Sunday, 22 October 2017

Adoption Week: Making memories

We've been away for a week and in the first three days the boys slept at my parents' house then at the in-laws' house then in our holiday cottage. Even tonight they were really unsettled and wouldn't go to sleep until quite late. Blue Bear asked me for a "really long hug Mummy." We're very strict about bedtime and when Blue first came to live with us we introduced him to our routine which is a bath, warm milk and bedtime stories. It took a while for him to get used to this way of doing things and now he even takes himself upstairs some evenings declaring, "I tired, I go to sleep."

There is so much he's adapted to and so many things he deals with brilliantly. When he has a blip it catches us off guard. Being in a place he hasn't been to before, seeing a lot of new people or travelling somewhere new. All of these cause anxiety and we see a side of him that we almost don't recognise. Recently when we've been going out he is insistent that he hold an adult's hand the whole time. He clings on tightly and becomes agitated about being safe. This is the child who scooters to school at top speed and waits for no one. He has his own friends and a social circle both inside and outside school.  I forget that there are things he's not ok with and this week has been a stark reminder that familiarity is really important to him.

He's never stayed at my parents' house before and he was really excited about it. I rang in the evening to see if he was ok and then in the morning. He came to the phone - reluctantly - and said, "Not again !" It was adorable and cheeky, but a relief that he was ok. He's slept at Grandma's house quite a few times so that was fine. It was being in a different cottage from last time that really caused ructions. We try not to overwhelm Blue with too many new things and this is the same place we stayed in July. We couldn't stay in the same cottage and this time the boys were in bunk beds - which was always going to be a bit of a drama. However, visiting places we've been to before was a revelation. When we were in Polperro Brown Bear said, "We had crinkles for a snack when we were here last time," as we reached the top of the harbour. As the tide was out we went to the beach this time and the boys remembered that we couldn't last time due to a high tide. At the Eden Project the boys noticed that a bicycle they had ridden before was in a different place. At Lappa Valley they noticed the new swan shaped pedaloes.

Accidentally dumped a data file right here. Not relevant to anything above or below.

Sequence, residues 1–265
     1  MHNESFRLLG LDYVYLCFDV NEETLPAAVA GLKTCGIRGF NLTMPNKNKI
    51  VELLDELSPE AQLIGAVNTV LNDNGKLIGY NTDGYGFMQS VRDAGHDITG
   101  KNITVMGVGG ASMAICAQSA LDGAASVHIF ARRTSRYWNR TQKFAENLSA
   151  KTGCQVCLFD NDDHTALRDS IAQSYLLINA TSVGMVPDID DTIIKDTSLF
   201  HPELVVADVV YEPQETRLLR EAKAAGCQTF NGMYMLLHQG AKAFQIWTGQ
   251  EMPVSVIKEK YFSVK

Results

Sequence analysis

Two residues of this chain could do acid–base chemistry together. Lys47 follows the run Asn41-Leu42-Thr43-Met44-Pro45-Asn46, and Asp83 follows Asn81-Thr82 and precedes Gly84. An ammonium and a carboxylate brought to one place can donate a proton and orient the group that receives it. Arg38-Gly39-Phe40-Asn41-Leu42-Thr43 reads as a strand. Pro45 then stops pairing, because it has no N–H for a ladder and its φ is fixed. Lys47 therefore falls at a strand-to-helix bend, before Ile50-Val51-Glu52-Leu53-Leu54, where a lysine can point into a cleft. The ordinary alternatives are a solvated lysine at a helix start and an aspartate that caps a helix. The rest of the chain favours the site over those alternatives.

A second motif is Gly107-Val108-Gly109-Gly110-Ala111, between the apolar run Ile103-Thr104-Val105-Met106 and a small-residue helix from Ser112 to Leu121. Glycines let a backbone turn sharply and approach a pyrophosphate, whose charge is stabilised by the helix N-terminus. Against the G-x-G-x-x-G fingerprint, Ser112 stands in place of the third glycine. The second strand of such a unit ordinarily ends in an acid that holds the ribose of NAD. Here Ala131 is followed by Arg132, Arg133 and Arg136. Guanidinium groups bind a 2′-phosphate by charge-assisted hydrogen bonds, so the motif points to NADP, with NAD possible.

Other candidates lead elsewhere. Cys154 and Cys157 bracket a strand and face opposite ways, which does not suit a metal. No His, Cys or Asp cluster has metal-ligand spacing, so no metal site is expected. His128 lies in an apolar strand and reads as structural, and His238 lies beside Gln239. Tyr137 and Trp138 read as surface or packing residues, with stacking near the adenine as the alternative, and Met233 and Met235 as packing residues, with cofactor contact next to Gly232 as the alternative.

Noticing and recording memories is something we take very seriously. There is a chunk of Blue Bear's past we weren't part of so since he's been with us we've taken photos and kept momentoes of everything. I show him photos of when he first came to us and we talk about what he was like when he was a baby. Just like I do with Brown Bear. We remind him that he brought Dog Bear with him when he came to live with us. We keep in touch with his foster family as they are the vital link between birth family and us. They also love him very much and seeing how he is doing in his forever family and with his brother makes them so happy and proud. We haven't talked about adoption with Blue Bear yet, as he is still very young. However, he is a bright boy and it is not something we intend to keep from him. On holiday this week I noticed that he goads his brother now. He still worships Brown Bear, thinks he's wonderful and wants to be just like him. However, he's also braver and will jump on him knowing it's going to get a reaction. It has been lovely to see how much fun he is. On long road trips he would chat to us at the front by pointing out the sheep, or the windmills he could see out of the window. This afternoon when we passed a field of pigs the boys spent about ten minutes oinking and laughing. I tried to point out Stonehenge as we passed it, but the pig impressions were far more fun.

That's what makes being a family for me. Stupid jokes and animal noises. I hope that the boys will remember family time in their own ways and look back with joy.



It's National Adoption Week: There are over 2000 children waiting to be adopted in England. 61% of these children waiting to be adopted are in sibling groups so it's vital to find families for some of the brothers and sisters who desperately need them.

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